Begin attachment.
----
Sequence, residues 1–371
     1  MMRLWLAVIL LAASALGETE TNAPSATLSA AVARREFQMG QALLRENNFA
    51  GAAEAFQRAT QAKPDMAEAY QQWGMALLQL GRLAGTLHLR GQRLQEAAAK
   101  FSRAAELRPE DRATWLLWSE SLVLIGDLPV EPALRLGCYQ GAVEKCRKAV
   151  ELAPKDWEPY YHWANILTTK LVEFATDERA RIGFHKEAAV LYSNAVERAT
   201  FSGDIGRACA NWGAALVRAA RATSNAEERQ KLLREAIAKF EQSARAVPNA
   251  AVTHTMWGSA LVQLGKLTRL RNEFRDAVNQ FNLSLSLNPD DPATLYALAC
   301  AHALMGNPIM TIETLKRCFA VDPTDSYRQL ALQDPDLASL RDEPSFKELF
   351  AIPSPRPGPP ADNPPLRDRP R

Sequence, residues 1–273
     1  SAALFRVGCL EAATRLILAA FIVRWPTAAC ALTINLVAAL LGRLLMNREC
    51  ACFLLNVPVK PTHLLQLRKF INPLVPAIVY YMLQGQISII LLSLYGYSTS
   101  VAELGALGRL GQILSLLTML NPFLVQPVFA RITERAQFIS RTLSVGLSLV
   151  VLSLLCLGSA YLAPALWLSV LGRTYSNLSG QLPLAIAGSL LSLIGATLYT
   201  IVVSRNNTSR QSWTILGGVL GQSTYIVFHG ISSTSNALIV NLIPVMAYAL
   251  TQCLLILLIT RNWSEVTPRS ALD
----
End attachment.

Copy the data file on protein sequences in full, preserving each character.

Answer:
Sequence, residues 1–371
     1  MMRLWLAVIL LAASALGETE TNAPSATLSA AVARREFQMG QALLRENNFA
    51  GAAEAFQRAT QAKPDMAEAY QQWGMALLQL GRLAGTLHLR GQRLQEAAAK
   101  FSRAAELRPE DRATWLLWSE SLVLIGDLPV EPALRLGCYQ GAVEKCRKAV
   151  ELAPKDWEPY YHWANILTTK LVEFATDERA RIGFHKEAAV LYSNAVERAT
   201  FSGDIGRACA NWGAALVRAA RATSNAEERQ KLLREAIAKF EQSARAVPNA
   251  AVTHTMWGSA LVQLGKLTRL RNEFRDAVNQ FNLSLSLNPD DPATLYALAC
   301  AHALMGNPIM TIETLKRCFA VDPTDSYRQL ALQDPDLASL RDEPSFKELF
   351  AIPSPRPGPP ADNPPLRDRP R

Sequence, residues 1–273
     1  SAALFRVGCL EAATRLILAA FIVRWPTAAC ALTINLVAAL LGRLLMNREC
    51  ACFLLNVPVK PTHLLQLRKF INPLVPAIVY YMLQGQISII LLSLYGYSTS
   101  VAELGALGRL GQILSLLTML NPFLVQPVFA RITERAQFIS RTLSVGLSLV
   151  VLSLLCLGSA YLAPALWLSV LGRTYSNLSG QLPLAIAGSL LSLIGATLYT
   201  IVVSRNNTSR QSWTILGGVL GQSTYIVFHG ISSTSNALIV NLIPVMAYAL
   251  TQCLLILLIT RNWSEVTPRS ALD